Microtubule (Mt) populations show large differences in dynamic properties (i.e., turnover rates) among cell types, and even within the same cell type at different stages of the cell cycle or stages of differentiation. These differences in dynamic properties are correlated with altered sensitivity to Mt-disassembling drugs (e.g. colchicine) which bind specifically to the Mt protein tubulin and to certain toxic metals which also interact with tubulin (e.g. methylmercury) and result in Mt disassembly. Mts in neurons become progressively more stable and more resistant to such compounds during differentiation. We are using the P19 embryonal carcinoma cell line, which can be induced to differentiate along the neural pathway by retinoic acid, as a model system in which to analyze the development of stable Mts. Our results show that during differentiation there is an evolution in the sorting of tubulin isotypes into the stable Mts. This appears related both to the expression of specific Mt-associated proteins and to concomitant posttranslational modifications of tubulin.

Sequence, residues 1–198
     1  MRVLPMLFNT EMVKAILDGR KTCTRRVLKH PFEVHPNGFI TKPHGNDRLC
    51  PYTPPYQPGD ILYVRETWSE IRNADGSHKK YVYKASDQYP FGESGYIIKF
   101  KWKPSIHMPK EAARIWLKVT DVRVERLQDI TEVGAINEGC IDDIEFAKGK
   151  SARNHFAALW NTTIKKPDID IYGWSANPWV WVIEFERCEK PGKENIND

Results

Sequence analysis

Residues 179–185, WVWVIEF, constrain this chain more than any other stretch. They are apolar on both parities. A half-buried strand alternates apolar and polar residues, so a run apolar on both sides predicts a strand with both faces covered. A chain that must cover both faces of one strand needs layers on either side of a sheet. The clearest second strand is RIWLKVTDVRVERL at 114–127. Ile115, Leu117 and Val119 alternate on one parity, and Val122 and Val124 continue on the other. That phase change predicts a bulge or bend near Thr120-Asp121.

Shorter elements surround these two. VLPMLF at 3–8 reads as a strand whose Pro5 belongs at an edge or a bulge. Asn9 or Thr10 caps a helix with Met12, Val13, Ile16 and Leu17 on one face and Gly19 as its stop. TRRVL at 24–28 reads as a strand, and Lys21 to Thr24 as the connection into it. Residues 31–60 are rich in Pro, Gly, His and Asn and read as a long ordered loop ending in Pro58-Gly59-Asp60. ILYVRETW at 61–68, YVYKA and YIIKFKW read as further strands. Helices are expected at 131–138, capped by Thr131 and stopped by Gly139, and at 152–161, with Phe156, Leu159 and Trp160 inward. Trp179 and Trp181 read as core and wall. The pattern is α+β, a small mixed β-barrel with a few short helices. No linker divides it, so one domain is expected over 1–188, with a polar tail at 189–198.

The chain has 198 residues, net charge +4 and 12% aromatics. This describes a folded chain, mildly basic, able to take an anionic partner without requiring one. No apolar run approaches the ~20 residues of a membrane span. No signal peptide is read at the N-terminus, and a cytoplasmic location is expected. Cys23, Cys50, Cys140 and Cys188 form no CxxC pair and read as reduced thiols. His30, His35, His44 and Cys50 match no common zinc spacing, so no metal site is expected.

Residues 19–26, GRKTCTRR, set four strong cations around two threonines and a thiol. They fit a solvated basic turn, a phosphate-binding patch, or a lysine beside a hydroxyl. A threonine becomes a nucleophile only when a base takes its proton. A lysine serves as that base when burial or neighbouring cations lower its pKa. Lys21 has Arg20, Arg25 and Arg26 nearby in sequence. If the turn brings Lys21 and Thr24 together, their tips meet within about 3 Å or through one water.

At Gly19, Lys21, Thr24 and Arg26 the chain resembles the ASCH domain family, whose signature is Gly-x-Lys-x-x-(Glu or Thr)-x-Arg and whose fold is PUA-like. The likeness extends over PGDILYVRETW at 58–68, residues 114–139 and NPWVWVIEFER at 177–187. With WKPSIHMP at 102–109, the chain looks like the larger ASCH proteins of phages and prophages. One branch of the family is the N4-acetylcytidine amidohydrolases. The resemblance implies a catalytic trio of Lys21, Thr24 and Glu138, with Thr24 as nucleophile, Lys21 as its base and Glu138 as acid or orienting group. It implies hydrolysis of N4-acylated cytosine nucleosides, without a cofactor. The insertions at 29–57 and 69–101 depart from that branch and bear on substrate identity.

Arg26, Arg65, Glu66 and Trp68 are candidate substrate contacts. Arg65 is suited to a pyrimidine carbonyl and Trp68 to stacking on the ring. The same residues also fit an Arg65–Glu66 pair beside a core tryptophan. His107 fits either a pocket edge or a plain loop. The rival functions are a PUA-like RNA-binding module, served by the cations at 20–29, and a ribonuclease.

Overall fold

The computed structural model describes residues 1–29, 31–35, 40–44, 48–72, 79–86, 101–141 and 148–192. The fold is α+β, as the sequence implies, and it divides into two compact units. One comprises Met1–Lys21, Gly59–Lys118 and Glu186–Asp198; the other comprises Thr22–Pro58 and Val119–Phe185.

|Original language||English (US)|
|Number of pages||14|
|State||Published - Jan 1 1994|
All Science Journal Classification (ASJC) codes
- Embryonal Carcinoma
- Neuronal Differentiation